Two years ago, the interest of German truck manufacturers and freight forwarders in fuel cells was extremely low. It’s different today. Almost all logistics companies are now in some way concerned with the question of what fuel their vehicles will be powered by in the future.
The good news is that fuel cells for materials handling equipment are no longer confined to a niche market. Entire warehouses in North America are currently being served by hydrogen-powered forklift trucks. This type of fuel cell application is also becoming increasingly popular in Asia and Europe, but their logistics industries will have some catching up to do.
Hydrogenics (Nasdaq: HYGS) has a full schedule with USD 151.2 million in backlog for several types of fuel cell applications, from truck conversion kits (Scania in Norway) to bus stacks in China to H2 refueling stations and power-to-gas systems. A loss of USD 5.7 million (minus USD 0.45 per share) in the second quarter can be considered a temporary slump, as the company said that some shipments had been moved to the third. Hydrogenics intends to stick to the forecast it had published for the entire year.
Soon, Toyota may not only be known for its fuel cell cars and buses, but for trucks as well. A new initiative called Project Portal aims to build a 36-ton truck equipped with two fuel cell stacks originally designed for the Mirai. They will be supported by a 12-kilowatt-hour battery to provide 500 kilowatts of output and 1,800 Nm of torque at a range of 320 kilometers (199 miles).
As early as last November, Switzerland saw the opening of its first public hydrogen station. But soon, it will create a whole new chapter with a fleet of hydrogen trucks to be brought into operation. A prototype has already been in use in the Zurich area.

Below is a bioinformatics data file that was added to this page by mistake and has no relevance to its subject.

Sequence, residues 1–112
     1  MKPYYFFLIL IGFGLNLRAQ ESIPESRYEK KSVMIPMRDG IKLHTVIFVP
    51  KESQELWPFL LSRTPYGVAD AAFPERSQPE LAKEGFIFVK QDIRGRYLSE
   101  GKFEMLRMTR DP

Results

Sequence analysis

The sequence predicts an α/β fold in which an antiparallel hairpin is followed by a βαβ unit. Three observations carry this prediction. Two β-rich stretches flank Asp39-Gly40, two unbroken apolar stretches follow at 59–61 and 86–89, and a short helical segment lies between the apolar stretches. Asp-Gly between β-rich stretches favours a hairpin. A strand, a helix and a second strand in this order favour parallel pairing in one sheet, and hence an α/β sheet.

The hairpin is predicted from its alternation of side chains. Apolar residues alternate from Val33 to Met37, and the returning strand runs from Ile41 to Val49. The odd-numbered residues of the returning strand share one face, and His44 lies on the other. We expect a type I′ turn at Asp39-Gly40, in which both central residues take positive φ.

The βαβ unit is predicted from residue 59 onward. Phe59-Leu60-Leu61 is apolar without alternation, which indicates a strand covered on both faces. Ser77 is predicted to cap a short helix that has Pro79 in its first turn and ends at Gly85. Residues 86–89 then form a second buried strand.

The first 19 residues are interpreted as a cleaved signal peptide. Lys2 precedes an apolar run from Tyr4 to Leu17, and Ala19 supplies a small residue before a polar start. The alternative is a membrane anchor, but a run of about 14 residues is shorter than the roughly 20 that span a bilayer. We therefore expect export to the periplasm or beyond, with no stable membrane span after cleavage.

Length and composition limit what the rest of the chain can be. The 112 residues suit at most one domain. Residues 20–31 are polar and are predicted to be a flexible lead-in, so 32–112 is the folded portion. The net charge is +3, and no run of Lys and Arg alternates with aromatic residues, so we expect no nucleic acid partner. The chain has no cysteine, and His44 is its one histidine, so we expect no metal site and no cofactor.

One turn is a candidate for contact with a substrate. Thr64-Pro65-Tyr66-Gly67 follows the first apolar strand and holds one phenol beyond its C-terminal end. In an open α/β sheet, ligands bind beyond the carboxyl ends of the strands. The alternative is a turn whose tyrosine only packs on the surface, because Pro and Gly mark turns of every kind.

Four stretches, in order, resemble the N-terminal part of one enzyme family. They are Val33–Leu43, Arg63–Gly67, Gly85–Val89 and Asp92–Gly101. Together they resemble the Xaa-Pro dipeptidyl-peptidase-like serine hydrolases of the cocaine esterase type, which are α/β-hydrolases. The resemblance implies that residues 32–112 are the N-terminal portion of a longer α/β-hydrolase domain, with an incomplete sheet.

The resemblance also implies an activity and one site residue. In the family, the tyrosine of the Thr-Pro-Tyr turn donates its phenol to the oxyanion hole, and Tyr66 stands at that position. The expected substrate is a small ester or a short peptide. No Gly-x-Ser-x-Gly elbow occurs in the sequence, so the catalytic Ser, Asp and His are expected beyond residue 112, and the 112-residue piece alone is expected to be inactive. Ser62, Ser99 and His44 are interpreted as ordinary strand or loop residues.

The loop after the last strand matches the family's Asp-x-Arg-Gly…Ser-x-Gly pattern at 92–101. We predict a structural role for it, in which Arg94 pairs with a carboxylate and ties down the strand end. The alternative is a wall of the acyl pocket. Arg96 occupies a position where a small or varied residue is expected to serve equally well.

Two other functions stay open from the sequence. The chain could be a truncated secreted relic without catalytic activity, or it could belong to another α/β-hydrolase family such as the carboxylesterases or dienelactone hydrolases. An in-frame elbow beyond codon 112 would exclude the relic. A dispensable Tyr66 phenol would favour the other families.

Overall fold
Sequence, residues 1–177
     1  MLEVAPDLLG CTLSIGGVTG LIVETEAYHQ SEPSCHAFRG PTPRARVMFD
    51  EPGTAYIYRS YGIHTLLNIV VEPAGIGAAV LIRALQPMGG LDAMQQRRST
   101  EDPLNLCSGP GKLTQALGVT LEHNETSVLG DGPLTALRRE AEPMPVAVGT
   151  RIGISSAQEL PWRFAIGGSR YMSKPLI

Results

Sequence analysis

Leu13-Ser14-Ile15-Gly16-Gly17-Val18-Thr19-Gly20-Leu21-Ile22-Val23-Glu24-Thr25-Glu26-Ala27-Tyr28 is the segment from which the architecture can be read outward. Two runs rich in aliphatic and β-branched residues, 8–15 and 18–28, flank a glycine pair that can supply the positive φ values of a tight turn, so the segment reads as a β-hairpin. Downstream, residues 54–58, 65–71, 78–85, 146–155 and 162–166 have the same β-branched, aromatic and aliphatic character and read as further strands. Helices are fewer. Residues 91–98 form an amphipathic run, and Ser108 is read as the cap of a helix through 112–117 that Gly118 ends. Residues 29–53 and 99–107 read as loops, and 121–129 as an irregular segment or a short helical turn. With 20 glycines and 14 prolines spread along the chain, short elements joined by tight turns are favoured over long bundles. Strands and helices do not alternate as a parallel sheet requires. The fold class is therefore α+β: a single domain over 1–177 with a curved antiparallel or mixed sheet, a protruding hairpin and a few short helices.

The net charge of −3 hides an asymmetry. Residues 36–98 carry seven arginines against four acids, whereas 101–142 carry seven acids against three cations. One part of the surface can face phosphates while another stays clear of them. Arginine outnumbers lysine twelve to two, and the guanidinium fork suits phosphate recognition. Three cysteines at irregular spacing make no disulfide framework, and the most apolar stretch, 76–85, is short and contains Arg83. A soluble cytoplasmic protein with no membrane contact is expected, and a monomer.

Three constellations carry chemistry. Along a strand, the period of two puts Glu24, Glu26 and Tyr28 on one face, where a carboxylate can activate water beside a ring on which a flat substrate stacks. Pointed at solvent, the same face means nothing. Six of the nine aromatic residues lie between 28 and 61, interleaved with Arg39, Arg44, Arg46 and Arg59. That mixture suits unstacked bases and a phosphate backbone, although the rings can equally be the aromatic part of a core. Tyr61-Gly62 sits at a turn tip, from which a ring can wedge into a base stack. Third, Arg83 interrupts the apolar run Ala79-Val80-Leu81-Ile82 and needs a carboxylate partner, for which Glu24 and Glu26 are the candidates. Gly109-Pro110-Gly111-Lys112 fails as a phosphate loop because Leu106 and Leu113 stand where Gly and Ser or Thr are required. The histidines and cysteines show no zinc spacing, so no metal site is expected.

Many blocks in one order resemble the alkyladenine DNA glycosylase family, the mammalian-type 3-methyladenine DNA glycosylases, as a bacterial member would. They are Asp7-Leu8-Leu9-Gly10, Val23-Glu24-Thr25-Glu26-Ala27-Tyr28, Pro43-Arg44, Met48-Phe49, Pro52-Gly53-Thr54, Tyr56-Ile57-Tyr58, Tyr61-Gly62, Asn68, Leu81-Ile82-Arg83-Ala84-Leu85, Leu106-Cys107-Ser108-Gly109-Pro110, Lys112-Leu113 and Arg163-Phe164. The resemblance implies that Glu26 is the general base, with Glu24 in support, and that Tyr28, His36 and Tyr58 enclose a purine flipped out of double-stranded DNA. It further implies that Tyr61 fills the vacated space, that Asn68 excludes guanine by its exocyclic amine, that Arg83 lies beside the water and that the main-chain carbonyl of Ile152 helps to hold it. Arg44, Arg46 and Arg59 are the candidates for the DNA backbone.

Even at the IAA Commercial Vehicles from Sept. 22 to 29, 2016, electric transportation was talked about – albeit not very much. For example, Volkswagen presented his e-Crafter concept study, which even EU Commissioner Günther Oettinger and federal transportation minister Alexander Dobrindt paid a visit during their trade show tour. Delivery of the first units of this electric transporter with a top speed of 80 kph (50 mph) is expected for this year.
Despite announcements to the contrary, the H2 project in Glattfelden in the Swiss canton of Zurich (see HZwei issue from July 2015) will deliver on its promises. At the beginning of March 2016, rumors had it that Axpo and Coop would stop their joint project. The project’s coordinator, Hansjörg Vock from H2 Energy, told H2-international that “the rumors weren’t true,” as “only Axpo had exited the project,” but had done so by mutual agreement.
The Hydrogen Information Truck H2M, a tractor-trailer, began its road tour through Europe in Italy in spring 2015. The tour’s starting location on April 20 was the Italian parliament; the final destination was Paris at the end of 2015.There, the truck advertises for sustainable environmental policies during the UN Climate Conference (COP 21).